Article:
'At the moment, gardening is very flower-oriented. We're trying to see garden design as an art form,' he said.
Not surprisingly, this is not impressing the traditionalists. And there will, no doubt, be more than a few sounds of displeasure when his stand is unveiled at the Hampton Court Flower Show on Tuesday. But he is not concerned.
As well as running his own garden design company in Henley-on-Thames, he has - with landscape architect, Debbie Roberts, and Fiona Harrison, a botanist-turned-garden designer - set up the Oxford College of Garden Design to spread the word. 'I have something to say that I think is relevant. The standard of British garden design is at an all-time low,' he said.
Since opening for business last year the college has trained 40 people from a variety of backgrounds and countries in what Mr Heather calls the 'new classicism'. There are two courses - an intensive four- week programme aimed at students from the United States and mainland Europe, and a full-year diploma that has attracted many people keen to move out of such professions as law, accountancy and medicine.
He has been so impressed by the standard of the 17 people seeking the diploma this year that he has put them to work on designing the exhibit that will appear at Hampton Court. 'It's putting into practice what they have learned,' he said.
But this is not the only practical aspect. The courses - which cost pounds 2,646 for the diploma and somewhat less for the intensive programme - also aim to give participants a grounding in the financial side. Mr Heather sees this as an attempt to move away from the 'bored housewife' image of garden design towards training people to be professional - much as has been the case with training courses in many fields in the United States for quite some time.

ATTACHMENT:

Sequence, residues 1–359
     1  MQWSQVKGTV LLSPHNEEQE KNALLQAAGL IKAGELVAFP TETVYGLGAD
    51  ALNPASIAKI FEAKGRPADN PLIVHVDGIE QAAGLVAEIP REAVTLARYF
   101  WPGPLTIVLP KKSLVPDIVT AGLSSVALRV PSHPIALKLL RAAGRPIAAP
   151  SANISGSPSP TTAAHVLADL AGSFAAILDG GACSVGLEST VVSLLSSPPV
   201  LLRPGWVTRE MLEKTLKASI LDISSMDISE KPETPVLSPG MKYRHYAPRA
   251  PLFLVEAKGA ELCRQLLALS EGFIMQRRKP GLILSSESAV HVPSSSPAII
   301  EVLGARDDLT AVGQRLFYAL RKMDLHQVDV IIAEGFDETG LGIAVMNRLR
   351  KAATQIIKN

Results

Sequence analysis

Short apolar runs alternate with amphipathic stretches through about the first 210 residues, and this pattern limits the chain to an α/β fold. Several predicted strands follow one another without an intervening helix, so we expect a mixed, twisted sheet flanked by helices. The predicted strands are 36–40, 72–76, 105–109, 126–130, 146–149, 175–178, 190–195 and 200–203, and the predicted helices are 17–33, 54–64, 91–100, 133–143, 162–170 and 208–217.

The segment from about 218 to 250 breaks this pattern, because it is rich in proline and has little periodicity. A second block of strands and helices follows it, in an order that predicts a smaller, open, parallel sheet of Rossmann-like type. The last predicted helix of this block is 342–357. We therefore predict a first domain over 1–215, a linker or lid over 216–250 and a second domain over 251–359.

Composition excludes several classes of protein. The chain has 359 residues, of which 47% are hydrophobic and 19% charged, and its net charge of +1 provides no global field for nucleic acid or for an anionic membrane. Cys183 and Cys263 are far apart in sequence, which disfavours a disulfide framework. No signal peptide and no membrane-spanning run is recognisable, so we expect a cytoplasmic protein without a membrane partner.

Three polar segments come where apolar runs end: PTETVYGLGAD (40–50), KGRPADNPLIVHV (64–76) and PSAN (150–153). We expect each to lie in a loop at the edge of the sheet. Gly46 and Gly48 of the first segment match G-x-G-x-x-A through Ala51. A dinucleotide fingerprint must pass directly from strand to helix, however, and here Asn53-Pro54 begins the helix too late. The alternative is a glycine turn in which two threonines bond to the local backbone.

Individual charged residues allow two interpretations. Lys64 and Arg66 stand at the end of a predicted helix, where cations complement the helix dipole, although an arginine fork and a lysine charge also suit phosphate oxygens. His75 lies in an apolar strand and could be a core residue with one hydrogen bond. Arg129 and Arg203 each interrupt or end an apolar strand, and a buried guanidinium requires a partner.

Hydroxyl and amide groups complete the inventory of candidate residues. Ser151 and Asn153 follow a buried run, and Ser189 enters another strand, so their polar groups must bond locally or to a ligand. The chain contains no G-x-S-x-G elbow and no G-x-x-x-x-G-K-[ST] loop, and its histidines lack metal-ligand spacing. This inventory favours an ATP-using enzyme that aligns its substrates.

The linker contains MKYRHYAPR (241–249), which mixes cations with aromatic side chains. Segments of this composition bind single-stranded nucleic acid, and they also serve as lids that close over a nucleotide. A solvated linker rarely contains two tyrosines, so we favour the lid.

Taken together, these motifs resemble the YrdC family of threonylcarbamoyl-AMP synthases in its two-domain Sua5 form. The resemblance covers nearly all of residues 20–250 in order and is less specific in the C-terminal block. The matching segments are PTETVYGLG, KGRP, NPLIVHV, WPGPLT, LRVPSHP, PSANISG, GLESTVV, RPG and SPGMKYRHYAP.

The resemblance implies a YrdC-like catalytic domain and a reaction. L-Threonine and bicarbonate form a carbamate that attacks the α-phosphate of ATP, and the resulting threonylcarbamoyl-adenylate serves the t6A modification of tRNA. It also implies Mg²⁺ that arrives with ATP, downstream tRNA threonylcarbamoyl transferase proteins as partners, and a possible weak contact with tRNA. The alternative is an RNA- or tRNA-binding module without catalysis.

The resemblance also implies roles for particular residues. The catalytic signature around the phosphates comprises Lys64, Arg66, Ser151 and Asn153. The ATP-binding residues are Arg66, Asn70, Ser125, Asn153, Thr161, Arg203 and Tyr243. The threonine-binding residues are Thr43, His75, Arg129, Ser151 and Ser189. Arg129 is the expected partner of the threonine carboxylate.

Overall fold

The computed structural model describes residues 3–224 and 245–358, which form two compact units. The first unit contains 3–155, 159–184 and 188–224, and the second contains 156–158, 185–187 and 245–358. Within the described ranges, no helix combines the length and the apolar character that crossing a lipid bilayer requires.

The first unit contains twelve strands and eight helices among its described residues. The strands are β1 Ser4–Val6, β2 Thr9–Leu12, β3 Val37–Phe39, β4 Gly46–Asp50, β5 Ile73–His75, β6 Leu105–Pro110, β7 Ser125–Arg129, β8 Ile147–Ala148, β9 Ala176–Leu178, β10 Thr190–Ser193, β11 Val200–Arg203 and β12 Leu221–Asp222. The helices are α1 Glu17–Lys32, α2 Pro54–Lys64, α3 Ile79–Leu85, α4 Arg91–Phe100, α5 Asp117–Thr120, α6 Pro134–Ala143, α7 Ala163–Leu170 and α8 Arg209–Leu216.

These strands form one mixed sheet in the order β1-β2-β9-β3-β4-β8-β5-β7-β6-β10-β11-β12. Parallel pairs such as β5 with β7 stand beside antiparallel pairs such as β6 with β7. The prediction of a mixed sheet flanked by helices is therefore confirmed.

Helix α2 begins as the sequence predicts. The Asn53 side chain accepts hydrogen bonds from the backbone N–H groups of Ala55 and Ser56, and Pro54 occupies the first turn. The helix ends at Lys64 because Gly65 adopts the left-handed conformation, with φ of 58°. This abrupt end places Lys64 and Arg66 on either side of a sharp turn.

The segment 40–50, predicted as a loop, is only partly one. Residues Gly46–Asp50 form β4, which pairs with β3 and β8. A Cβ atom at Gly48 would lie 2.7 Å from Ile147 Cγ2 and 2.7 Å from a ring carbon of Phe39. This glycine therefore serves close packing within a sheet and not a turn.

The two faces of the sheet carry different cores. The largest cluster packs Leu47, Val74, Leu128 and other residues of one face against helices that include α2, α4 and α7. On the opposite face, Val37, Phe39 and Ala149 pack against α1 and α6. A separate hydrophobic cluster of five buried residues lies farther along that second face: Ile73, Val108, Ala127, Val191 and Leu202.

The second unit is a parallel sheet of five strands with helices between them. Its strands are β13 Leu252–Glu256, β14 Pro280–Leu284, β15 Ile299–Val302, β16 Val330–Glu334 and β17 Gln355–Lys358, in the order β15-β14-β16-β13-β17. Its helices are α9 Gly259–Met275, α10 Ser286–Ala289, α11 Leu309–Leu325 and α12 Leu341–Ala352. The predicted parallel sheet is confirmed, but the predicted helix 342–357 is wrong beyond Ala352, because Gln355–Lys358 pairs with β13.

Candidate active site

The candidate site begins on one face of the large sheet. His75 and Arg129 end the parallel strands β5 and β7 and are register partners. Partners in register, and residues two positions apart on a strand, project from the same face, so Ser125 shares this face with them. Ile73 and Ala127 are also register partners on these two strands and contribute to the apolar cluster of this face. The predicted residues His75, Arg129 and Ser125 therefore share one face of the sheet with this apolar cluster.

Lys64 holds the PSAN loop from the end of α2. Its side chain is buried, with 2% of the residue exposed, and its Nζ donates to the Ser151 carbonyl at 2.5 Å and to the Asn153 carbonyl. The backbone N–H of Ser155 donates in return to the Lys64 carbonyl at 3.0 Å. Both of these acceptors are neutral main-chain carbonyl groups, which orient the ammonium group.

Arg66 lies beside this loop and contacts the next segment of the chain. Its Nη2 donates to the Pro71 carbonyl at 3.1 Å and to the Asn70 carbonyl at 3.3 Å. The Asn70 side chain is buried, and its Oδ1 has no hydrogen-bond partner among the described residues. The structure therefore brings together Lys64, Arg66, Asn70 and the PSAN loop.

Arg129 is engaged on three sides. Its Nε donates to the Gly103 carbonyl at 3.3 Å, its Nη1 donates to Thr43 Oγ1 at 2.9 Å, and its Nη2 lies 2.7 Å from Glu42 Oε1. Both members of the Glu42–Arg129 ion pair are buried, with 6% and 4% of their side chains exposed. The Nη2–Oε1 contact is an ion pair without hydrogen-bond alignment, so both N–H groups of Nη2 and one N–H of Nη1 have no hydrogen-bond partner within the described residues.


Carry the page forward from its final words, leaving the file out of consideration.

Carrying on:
And though some may find the artistic attitude to gardening pretentious, there is another basic factor behind it. The driving principle is the desire to develop an approach to gardens that is appropriate to the times.
Mr Heather points out that the sharp increase in land prices since the Second World War has made large gardens impractical and unaffordable for most people. As a result, the expansive gardens associated with country houses, such as Sissinghurst, must be replaced by something that works in a small space.
'We're looking at the garden as an outside room. It's still the largest space in most people's homes, and we're trying to educate people in how to use that space,' Mr Heather said.
Part of that involves abandoning the idea that the only important things in gardens are flowers and other plants. To Mr Heather, they are to the garden designer what bricks are to the builder. Extending the analogy, he says he and his colleagues are trying to use architectural principles in gardens.
But this is not so revolutionary, after all; gardens have traditionally been laid out according to geometric principles.
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